IVF Embryos & Divorce
Divorcing when you have children can be complicated regardless of whether your separation is amicable or contentious. While going through the divorce process, you and your spouse will come up with child-sharing agreements and schedules for child support. All states implement guidelines to help ensure that the children’s needs are met by both parents. However, questions have begun to arise about what happens if you are divorcing and your child has not yet been born? Specifically, what happens to embryos created during in-vitro fertilization that are cryogenically stored?
When beginning the IVF process, most IVF storage facilities will have prospective parents sign consent agreements, giving authorization to preserve embryos created during the fertility process. Most of the time, these documents only briefly touch on what will happen to frozen embryos in the event of a couple’s separation. Choices for most couples include: continuing to freeze the embryos, donating the embryos for adoption, donating the embryos to medical research, or destroying the embryos.
In-vitro fertilization can be an exciting time for couples anxious to become parents, and they may give little thought to outcomes such as divorce as they are eager to welcome their new baby.
Unlike disputes regarding child custody, little legal protection exists for divorcing couples looking to resolve what will happen to their frozen embryos. Many couples are left with multiple issues to deal with all while working in uncharted legal waters. There is even controversy as to whether agreements put in place by IVF storage facilities are legally enforceable.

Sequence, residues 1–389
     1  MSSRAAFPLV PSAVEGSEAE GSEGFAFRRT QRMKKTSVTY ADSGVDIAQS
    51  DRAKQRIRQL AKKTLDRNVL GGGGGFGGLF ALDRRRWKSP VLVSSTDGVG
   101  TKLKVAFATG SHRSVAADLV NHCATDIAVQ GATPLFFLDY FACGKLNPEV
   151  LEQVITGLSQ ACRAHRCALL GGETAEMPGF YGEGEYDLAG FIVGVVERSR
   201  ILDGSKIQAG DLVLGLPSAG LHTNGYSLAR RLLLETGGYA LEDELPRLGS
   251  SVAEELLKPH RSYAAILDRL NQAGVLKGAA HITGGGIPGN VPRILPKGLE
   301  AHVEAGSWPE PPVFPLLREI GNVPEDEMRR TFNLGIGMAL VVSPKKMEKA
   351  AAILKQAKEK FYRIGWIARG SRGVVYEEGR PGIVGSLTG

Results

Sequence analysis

Under the law, frozen embryos are considered personal property and belong to both parents. Unlike most forms of personal property however, owning frozen embryos can affect one spouse to the detriment of the other if their parenting goals no longer align. In past cases courts have generally taken the position that one spouse cannot force the other spouse to become a parent against their will. Cases regarding IVF embryos have lifelong financial and emotional issues at stake, and therefore most courts remain reluctant to impose parenthood on a party who has not given their consent. However, courts have begun to examine cases where extenuating conditions demonstrate that by destroying cryogenically stored embryos, one of the parents would be prevented from ever having a biological child.
Disputes over stored embryos can take years to resolve. Before undergoing the IVF process, couples should discuss in detail what will become of their embryos in the event of a divorce down the road. Nobody plans to break up, but having legal documents put in to place in the event of a separation can help prevent heartache for both parties down the road.
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